You wake up, yawn, stretch. Pick up the phone. Check Facebook. “Like.” “Like.” “Like,” again.
After 10 “likes,” Michal Kosinski knows you better than your work colleagues. After 70, he knows you better than your partner does, including -- whether these things were explicitly referenced in your clicks or not -- your skin color, your sexual orientation, whether you’re a Democrat or a Republican, whether you smoke or do drugs… The list goes on.
In the final days of 2016, the website of the Wisconsin Department of Natural Resources got a bit of a refresh.
Unless you were paying close attention, you might have missed it. After all, most people don’t regularly visit the Wisconsin DNR. But the changes were caught by a website-monitoring service and shared on some blogs, starting with a guy named James Rowen.
I attended a funeral today.
I knew him casually. We frequented many of the same social and business circles, and had had more than one good chat about our social and political environment. But we had never graduated to the category of close friendship.
So it was wonderful to hear from his father, from his sister, from his daughter, from his childhood friends. Over an hour and a half, I got to know him better. I got to know how successful he was. How loved and respected he was. How tortured he was.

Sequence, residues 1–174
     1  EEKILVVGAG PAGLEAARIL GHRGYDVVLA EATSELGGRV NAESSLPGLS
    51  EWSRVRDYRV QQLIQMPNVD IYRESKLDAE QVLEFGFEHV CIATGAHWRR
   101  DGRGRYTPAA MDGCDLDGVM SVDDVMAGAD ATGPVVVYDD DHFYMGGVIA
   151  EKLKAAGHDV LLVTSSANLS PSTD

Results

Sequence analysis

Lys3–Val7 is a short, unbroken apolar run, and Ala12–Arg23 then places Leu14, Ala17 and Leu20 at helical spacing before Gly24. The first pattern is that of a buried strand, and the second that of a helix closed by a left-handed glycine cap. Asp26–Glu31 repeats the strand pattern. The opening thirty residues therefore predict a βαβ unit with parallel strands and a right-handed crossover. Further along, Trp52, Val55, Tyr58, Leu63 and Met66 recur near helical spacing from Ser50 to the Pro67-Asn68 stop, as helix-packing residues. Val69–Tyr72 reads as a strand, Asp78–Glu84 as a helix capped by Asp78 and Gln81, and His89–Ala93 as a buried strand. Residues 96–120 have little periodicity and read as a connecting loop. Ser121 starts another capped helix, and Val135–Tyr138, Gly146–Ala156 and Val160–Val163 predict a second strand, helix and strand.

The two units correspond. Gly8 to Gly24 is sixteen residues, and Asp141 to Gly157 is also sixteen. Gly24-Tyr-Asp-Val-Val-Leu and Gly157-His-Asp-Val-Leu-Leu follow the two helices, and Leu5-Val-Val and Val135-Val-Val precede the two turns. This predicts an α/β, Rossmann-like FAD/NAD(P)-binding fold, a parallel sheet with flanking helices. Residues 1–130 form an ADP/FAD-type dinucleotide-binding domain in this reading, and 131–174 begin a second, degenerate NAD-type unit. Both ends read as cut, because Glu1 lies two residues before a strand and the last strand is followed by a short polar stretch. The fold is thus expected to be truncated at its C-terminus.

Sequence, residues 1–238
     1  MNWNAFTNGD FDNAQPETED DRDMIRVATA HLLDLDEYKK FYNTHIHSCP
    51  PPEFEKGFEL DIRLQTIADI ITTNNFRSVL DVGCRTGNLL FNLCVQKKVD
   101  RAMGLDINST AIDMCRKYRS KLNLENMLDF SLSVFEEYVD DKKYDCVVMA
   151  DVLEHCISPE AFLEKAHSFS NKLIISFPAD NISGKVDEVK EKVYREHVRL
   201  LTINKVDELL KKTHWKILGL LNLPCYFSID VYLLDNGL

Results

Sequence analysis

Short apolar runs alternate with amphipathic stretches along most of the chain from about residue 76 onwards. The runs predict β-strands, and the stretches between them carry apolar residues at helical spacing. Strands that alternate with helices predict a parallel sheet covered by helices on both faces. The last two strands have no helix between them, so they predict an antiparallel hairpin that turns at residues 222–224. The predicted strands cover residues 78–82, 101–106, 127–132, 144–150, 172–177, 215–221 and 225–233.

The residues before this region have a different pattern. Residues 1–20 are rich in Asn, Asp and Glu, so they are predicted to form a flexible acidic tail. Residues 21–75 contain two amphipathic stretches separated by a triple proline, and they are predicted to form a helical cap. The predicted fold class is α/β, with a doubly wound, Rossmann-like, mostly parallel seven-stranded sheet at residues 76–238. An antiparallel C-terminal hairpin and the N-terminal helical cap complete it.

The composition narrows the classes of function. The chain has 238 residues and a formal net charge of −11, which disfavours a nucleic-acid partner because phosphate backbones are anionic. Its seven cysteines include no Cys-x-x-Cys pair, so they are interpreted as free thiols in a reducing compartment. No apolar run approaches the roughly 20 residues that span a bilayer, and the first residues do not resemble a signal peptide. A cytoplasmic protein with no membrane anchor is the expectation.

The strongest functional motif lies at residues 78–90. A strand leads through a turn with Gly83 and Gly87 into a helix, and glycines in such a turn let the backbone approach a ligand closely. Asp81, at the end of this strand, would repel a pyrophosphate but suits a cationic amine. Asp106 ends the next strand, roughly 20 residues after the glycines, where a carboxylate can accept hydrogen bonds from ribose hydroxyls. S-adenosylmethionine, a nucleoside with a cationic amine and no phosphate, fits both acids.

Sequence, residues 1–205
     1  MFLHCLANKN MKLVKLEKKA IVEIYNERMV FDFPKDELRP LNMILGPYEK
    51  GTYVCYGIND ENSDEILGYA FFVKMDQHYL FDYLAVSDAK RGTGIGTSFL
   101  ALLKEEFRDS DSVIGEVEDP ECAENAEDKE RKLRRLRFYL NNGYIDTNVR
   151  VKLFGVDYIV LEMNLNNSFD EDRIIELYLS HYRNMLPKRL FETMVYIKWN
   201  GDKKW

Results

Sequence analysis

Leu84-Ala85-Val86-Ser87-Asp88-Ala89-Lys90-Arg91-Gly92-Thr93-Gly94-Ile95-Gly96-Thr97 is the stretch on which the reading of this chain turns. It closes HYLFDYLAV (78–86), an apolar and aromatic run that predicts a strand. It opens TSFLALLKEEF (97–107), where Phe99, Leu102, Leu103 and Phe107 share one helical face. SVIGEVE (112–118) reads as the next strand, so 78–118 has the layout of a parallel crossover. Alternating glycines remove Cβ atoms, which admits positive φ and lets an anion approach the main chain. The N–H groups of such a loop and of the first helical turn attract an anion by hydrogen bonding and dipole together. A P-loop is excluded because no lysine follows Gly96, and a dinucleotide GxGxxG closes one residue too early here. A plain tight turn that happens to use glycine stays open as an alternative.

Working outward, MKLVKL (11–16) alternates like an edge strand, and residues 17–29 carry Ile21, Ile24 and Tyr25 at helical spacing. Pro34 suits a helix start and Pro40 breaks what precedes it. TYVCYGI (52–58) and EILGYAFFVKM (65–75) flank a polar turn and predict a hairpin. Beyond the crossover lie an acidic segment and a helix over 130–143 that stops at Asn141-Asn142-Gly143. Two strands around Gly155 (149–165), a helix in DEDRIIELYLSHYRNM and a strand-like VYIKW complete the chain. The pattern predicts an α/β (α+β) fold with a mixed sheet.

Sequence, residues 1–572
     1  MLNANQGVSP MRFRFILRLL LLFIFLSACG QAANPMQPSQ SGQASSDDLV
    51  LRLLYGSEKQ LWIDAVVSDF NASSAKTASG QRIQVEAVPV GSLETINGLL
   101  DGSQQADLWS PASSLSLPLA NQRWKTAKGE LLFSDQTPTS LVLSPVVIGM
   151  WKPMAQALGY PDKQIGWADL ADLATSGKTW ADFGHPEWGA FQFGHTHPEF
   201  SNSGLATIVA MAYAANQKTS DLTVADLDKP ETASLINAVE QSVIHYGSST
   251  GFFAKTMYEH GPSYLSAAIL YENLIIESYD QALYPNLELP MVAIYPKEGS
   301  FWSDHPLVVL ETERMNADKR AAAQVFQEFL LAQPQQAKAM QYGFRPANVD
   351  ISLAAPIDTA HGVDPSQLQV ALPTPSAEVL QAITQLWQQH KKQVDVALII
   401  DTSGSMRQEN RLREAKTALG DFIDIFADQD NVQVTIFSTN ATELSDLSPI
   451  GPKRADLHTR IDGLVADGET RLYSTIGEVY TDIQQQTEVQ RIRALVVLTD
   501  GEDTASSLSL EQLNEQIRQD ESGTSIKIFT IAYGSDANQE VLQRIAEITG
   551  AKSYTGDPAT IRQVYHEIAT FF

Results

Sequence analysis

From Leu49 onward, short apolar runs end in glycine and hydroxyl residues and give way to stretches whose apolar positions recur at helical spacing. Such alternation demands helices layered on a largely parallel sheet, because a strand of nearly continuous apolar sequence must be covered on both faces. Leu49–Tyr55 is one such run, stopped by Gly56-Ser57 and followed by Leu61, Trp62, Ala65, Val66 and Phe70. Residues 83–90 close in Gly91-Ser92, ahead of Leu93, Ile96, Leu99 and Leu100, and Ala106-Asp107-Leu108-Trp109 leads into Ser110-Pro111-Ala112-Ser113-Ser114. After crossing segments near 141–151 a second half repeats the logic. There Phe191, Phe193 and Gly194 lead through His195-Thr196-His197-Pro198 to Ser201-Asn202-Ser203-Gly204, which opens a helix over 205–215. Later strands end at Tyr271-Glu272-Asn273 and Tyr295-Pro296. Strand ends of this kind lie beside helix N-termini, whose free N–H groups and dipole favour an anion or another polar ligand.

“Yahoo: Time of death, oh about a week ago,” said the headline in the IT Professionals newsletter I just got. The reason? The hacking that compromised up to a billion accounts. The secret backdoor access so the company could scan every email coming through the system, looking for certain keywords flagged by the Feds. The general “aimless wandering” of the company.
How do you measure success?
If you were to say to someone, “That guy is really successful,” what would you mean? Is he rich? Does he own a big company? Has he made an impact in the world?
Different cultures measure success in different ways. In a fascinating Business Insider piece from 2014, Richard Lewis pointed out that for Americans, Germans and Swiss, more time spent working equals more success, “[while in] a society such as existed in the Soviet Union, one could postulate that those who achieved substantial remuneration by working little (or not at all) were the most successful of all.”